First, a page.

Trending: Key Zillow Group exec Greg Schwartz leaving after 12 years, amid massive changes at real estate giant

Buying a high-quality, custom-made suit is typically something reserved for the rich and famous. But imagine if you could get that same tailored suit cut to your exact dimensions by a Chinese tailor, and then have it delivered to your doorstep in two weeks or less? That’s the promise of Indochino, a Vancouver, B.C. upstart which today is announcing a $4 million financing round led by Seattle’s Madrona Venture Group.

Indochino quite simple wants to open the door on custom menswear … to the masses. And while that may seem like a simple goal, it involves a level of complexity that the founders hope technology can help solve.

“We have essentially retooled the entire supply chain to enable rapid fire delivery of custom apparel to an average guy,” explains co-founder Kyle Vucko, adding that the company works directly with suppliers in Shanghai on each suit, shirt or pants.

But how on Earth does the company ensure that what’s ordered online and then created in Shanghai will meet the needs of the businessman in Chicago or Seattle or San Francisco? After all, one missed measurement might set off alarm bells for the fashion police.

Vucko tells GeekWire that the company spends a lot of time on data analysis of customer measurements in order to predict one’s sizing more accurately.

“As Web specialists, we have honed the ability to take measurements produced by you and a buddy and ensure a well fitting suit on the first order,” Vucko says. A tutorial walks customers through the measurement process prior to making a purchase, measuring things like neck size and sleeve length.

Indochino also offers a 100 percent “perfect fit promise.” That means a customer who is dissatisfied with the product can receive a $75 alteration credit to take the suit to his own tailor to fix the problem.

On the surface, this may seem like an unusual investment for Madrona. But the Seattle venture capital firm certainly has played around with new concepts in online retail over the years, from its early bet on Amazon.com to an investment in handbag rental service Avelle.

Scott Jacobson, who is leading the deal for Madrona, said the big idea behind Indochino is one of  “mass-customization” where consumers don’t have to shell out $2,000 or more for a high-quality suit. (Most of the suits on Indochino range from $350 to $600).

“We think they have an opportunity to be a disruptive force in online apparel,” he says.

Jacobson test drove the Indochino service on a few occasions prior to the Madrona investment, buying a few shirts and suits. So, at this point, he should be one of the best-dressed men in the Pacific Northwest tech scene.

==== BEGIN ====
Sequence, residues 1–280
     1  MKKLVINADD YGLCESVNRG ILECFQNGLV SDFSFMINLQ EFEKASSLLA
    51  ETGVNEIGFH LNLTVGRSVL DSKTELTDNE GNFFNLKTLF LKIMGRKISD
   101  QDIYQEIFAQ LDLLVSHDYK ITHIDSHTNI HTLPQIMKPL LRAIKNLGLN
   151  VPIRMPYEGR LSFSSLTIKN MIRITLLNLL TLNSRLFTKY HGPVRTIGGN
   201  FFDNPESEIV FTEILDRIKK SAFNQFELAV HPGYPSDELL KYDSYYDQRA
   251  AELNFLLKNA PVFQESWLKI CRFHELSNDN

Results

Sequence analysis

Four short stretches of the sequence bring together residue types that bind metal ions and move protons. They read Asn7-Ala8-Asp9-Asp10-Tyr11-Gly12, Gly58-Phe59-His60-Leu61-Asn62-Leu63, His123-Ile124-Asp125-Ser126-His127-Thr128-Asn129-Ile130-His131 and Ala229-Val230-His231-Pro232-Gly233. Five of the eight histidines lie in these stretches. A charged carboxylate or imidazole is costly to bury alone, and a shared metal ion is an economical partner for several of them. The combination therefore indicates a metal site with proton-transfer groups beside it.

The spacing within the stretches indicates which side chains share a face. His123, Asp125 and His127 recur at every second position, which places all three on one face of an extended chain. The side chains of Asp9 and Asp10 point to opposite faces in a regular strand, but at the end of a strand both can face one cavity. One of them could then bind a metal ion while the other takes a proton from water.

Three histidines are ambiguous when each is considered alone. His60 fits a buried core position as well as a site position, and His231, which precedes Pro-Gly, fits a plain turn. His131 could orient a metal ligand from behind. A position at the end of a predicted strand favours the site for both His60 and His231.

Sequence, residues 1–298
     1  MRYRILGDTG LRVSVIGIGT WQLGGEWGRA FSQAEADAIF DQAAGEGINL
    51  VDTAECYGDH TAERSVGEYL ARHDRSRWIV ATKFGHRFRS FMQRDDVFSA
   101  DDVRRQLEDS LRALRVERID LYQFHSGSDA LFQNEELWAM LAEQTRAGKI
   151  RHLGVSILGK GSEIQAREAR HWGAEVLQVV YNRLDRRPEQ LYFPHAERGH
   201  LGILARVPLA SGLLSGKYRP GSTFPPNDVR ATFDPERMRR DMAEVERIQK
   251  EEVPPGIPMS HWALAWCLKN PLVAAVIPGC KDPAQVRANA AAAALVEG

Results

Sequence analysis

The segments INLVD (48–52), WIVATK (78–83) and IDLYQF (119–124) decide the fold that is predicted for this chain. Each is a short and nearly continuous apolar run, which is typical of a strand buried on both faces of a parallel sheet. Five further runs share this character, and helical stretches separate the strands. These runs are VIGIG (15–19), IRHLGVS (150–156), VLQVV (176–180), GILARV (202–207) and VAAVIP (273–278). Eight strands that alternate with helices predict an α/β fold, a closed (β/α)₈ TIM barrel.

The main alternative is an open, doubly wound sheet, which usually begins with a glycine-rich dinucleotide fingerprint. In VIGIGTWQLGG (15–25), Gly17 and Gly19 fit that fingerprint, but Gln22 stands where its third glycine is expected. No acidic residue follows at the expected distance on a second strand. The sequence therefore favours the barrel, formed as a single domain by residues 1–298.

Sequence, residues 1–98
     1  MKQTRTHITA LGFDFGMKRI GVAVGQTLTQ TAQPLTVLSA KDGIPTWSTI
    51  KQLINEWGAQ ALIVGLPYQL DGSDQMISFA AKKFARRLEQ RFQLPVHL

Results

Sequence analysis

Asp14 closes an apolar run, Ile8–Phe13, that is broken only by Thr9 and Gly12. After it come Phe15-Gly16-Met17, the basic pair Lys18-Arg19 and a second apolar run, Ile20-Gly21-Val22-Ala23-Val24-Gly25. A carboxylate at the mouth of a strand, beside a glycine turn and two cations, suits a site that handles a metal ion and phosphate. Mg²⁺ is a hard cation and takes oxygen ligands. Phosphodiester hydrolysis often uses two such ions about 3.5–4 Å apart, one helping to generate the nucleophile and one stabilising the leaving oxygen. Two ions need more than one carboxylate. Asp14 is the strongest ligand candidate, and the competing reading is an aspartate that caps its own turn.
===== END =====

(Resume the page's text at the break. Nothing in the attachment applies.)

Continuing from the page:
All joking aside, Indochino’s challenge appears on the surface to be one of scale. After all, the company relies on hand tailors in Asia to produce the customized clothing.

Jacobson declined to go into great detail on the behind-the-scenes operations, noting that the company is investing heavily in technology to help modernize what has historically been a manual process.

In terms of grabbing consumer market share, Jacobson said that if Indochino can deliver a great fit at a reasonable price, there’s really no reason why people would shop elsewhere.

“One of the barriers to buying clothes on the web is fit (or concern that what you buy won’t fit),” said Jacobson.  “If a brand can make clothes that fit you great every time, and all you need to do is pick the stuff you like, customize the features (if you want), and check out…that can be very sticky.”

The company already boasts about 17,000 customers, a number that Vucko is looking to boost with the new cash. Its sales topped $1 million in 2009 and grew by 245 percent last year — all on less than $1 million in capital invested.

The startup now employs 33 people between its main operations in Vancouver and Shanghai. That’s up from 10 employees at this time last year.

In addition to Madrona, Burda Digital Ventures participated in the round.

The idea for the company originally came when co-founder Heikal Gani struggled to find a suit for an important conference. After a disappointing experience at several retail stores, Gani and Vucko decided to create Indochino.

“We felt there had to be a better way to get dressed and went about designing something from the ground up that had men in mind,” said Vucko.

John Cook is co-founder of GeekWire. Follow on Twitter: @geekwirenews and Facebook.

Like what you're reading? Subscribe to GeekWire's free newsletters to catch every headline

Comments

Job Listings on GeekWork

Find more jobs on GeekWork. Employers, post a job here.